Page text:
World Painted Blood
There’s something comforting about a new Slayer disc. You know there won’t be anything unwanted. Along with The Ramones, AC/DC and Motorhead, Slayer epitomize the axiom, “If it ain’t broke, don’t fix it.”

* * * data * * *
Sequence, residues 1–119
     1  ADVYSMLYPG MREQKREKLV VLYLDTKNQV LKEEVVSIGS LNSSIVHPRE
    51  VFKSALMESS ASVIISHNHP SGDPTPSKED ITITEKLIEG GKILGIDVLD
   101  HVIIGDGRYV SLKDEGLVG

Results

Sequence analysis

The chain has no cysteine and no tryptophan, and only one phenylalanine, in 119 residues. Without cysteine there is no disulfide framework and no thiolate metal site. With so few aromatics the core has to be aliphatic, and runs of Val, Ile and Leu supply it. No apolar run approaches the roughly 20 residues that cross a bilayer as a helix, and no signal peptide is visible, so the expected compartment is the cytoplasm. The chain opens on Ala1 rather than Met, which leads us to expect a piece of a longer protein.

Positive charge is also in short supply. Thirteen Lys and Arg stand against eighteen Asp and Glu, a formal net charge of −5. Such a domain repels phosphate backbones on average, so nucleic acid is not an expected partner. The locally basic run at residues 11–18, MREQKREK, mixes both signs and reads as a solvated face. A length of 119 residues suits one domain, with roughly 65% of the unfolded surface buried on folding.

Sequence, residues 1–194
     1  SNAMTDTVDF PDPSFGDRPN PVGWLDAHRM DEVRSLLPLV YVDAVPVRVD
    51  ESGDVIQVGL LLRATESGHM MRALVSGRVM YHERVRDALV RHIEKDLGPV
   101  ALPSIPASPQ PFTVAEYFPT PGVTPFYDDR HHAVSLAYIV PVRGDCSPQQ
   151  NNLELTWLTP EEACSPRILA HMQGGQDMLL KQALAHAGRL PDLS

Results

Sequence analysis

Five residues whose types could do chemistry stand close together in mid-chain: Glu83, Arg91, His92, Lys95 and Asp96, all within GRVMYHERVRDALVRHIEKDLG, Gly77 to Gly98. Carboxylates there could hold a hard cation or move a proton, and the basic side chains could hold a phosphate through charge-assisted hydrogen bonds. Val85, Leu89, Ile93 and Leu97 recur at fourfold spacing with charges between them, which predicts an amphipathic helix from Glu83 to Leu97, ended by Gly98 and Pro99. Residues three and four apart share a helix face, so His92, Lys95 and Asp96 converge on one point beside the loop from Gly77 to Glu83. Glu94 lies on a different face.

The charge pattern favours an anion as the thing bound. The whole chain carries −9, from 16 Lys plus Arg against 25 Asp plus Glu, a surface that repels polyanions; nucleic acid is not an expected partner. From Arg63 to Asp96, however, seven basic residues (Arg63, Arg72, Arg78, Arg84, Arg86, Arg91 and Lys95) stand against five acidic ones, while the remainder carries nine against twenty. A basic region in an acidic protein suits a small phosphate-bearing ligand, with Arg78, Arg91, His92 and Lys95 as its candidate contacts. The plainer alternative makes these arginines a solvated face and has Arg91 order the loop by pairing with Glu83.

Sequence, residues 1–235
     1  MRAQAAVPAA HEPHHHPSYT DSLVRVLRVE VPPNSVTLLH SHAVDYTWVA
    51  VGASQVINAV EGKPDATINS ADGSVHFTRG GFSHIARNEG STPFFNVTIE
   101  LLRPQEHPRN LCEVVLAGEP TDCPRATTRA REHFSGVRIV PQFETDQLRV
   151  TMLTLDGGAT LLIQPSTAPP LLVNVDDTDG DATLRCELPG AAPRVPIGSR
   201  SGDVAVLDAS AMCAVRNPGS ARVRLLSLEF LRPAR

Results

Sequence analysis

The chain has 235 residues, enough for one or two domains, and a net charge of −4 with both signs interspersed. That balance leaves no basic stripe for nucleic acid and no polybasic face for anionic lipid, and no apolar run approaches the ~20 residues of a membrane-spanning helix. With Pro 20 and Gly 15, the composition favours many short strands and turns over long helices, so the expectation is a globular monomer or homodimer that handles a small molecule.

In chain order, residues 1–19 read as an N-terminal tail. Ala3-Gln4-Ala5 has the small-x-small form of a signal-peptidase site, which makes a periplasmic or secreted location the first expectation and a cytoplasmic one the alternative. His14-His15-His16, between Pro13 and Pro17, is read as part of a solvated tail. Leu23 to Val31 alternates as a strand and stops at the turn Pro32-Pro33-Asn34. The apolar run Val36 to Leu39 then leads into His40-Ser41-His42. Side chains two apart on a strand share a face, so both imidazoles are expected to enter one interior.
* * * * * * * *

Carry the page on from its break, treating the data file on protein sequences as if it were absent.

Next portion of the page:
On World Painted Blood, Slayer’s 10th studio album, Dave Lombardo is still the king of the double kick-drum. Jeff Hanneman and Kerry King play with speed and aggression. Tom Araya keeps up on bass while simultaneously screaming his lungs out. Business as usual. This is not a criticism; when perfection is attained, don’t fuck with it. While Slayer are undeniably heavy, they still manage to be melodic and structured. (Hard to believe we’ve come so far that Slayer is the accessible end of thrash metal.) Lyrical concerns? Japanese war crimes (“Unit 731”), America’s place in the modern world (“Americon”), Russian serial killers (“Psychopathy Red”) and all the usual feel-good topics. Thematically and stylistically, World Painted Blood is a consistent album in itself and within the Slayer catalog. It takes considerable skill to create, develop and master a style as seamlessly as Slayer has done. Consider World Painted Blood the latest chapter in the ongoing saga.